Going through a divorce can be difficult enough in and of itself. To know that you also need to be looking ahead to post-divorce life in order to best protect yourself and your well-being as you start off on a new chapter in your life can be overwhelming. One of the considerations you should be keeping in mind as you navigate the divorce process is that there can be significant tax consequences of divorce. These consequences can include far-reaching impacts on your financial well-being and so you should take care to consider the tax consequences of your divorce agreement.
Tax Consequences of Divorce
One significant and immediate impact of divorce is the fact that, starting in the first year post-divorce, you will no longer be able to file your taxes as “Married Filing Jointly.” Filing like this during your marriage may have minimized your tax burden. Be prepared to lose some of the benefits associated with this filing after your divorce, especially considering there may be other reasons your tax liability will increase.
Depending on who has primary custody of children after divorce, you may also lose the ability to deduct your children as dependents. Generally speaking, the parent with primary custody has the right to claim the children as deductions for tax purposes. Sometimes, however, the other parent may be able to get this deduction. This can be particularly true in cases where the primary custody has low tax liability resulting from little to no income.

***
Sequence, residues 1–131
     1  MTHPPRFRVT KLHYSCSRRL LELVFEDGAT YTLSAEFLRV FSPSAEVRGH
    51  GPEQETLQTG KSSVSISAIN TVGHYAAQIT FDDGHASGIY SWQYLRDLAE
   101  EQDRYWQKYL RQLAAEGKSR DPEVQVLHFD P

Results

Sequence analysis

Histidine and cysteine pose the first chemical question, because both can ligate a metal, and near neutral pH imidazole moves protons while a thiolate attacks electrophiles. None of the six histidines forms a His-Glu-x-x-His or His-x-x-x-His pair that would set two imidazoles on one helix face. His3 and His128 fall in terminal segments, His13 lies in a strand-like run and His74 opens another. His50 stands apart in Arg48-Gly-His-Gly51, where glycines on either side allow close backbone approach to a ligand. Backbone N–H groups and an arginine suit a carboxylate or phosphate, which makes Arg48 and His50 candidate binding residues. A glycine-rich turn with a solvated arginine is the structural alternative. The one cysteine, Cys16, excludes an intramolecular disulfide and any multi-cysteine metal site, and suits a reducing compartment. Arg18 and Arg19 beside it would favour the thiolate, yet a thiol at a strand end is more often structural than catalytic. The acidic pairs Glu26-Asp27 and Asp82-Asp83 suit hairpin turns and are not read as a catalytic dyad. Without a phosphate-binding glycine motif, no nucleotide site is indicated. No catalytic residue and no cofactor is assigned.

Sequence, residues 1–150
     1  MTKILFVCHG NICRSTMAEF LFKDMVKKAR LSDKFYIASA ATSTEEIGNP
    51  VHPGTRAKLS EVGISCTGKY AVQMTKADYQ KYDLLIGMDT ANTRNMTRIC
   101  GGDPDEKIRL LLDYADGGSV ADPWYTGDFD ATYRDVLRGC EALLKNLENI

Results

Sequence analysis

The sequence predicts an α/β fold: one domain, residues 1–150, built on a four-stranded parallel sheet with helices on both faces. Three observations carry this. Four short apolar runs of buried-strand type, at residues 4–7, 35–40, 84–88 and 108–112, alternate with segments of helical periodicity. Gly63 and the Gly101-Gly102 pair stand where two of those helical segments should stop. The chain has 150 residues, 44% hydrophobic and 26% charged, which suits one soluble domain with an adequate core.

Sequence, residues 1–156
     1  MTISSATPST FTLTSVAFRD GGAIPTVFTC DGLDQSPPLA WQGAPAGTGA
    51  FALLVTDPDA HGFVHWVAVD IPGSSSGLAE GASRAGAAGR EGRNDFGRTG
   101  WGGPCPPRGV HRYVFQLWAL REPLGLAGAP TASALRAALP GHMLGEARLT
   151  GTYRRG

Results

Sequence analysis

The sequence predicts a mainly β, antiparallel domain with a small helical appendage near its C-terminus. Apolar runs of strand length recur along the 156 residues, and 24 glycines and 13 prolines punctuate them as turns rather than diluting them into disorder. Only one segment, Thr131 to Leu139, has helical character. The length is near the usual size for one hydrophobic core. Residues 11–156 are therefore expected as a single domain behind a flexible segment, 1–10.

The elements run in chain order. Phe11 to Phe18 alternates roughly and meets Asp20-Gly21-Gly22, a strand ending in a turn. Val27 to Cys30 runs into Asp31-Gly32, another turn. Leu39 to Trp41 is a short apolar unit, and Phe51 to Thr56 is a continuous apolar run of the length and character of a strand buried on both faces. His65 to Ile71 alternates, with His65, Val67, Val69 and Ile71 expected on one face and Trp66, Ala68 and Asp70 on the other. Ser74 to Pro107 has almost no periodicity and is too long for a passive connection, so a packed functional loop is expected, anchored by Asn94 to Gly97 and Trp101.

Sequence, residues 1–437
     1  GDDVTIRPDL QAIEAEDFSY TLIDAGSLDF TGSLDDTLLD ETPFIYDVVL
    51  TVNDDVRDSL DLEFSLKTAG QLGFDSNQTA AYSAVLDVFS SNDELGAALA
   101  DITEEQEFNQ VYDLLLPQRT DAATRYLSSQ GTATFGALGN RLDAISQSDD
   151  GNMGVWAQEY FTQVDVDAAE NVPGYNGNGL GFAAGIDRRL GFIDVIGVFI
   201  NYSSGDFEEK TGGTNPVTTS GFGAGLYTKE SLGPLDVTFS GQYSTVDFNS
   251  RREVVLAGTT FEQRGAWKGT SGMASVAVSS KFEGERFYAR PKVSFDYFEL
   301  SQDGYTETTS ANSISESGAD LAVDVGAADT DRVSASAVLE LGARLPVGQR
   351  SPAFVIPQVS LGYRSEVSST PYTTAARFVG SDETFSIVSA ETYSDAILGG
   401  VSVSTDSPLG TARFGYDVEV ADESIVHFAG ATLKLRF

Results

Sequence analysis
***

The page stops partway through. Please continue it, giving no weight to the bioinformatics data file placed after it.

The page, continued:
There are also several tax consequences of alimony to consider. The tax treatment of alimony has significantly changed over the past few years. Pursuant to the Tax Cuts and Jobs Act of 2017, alimony that is paid upon a divorce filed after January 1, 2019, is no longer considered to be taxable income to the receiving spouse. On the flip side is also the fact that the paying spouse is no longer able to deduct alimony payments and receive resulting tax savings.
Property issues incident to divorce can also have profound impacts on tax liability. For instance, moving out of the marital home or selling the marital home can impact tax shelters such as real estate taxes and mortgage interest deductions. Should one spouse buy out the other spouse’s interest in the marital home, the purchasing spouse will usually be able to retain the benefit of these tax shelters. The other spouse, however, will lose the benefit if he or she is unable to purchase another home.
Liquidation of assets upon a divorce may also have tax consequences as well as the transfer of marital property. Non-liquid assets, such as pensions, 401(k)s, IRAs, and other non-liquid assets may have tax consequences upon transfer in divorce. Some non-liquid assets, however, can be transferred while avoiding these tax consequences but will require a Qualified Domestic Relations Oder (QDRO). The Employee Retirement Income Security Act (ERISA) provides that the withdrawal of retirement funds in divorce can generally only be obtained penalty-free through the use of a QDRO.
Family Law Attorneys
At Navarrete & Schwartz, we want to help you through the divorce process and protect your best interests so that your financial well-being is protected far and away after the final divorce documents have been signed. We are proud to serve the residents of Midland, Texas. Contact us today.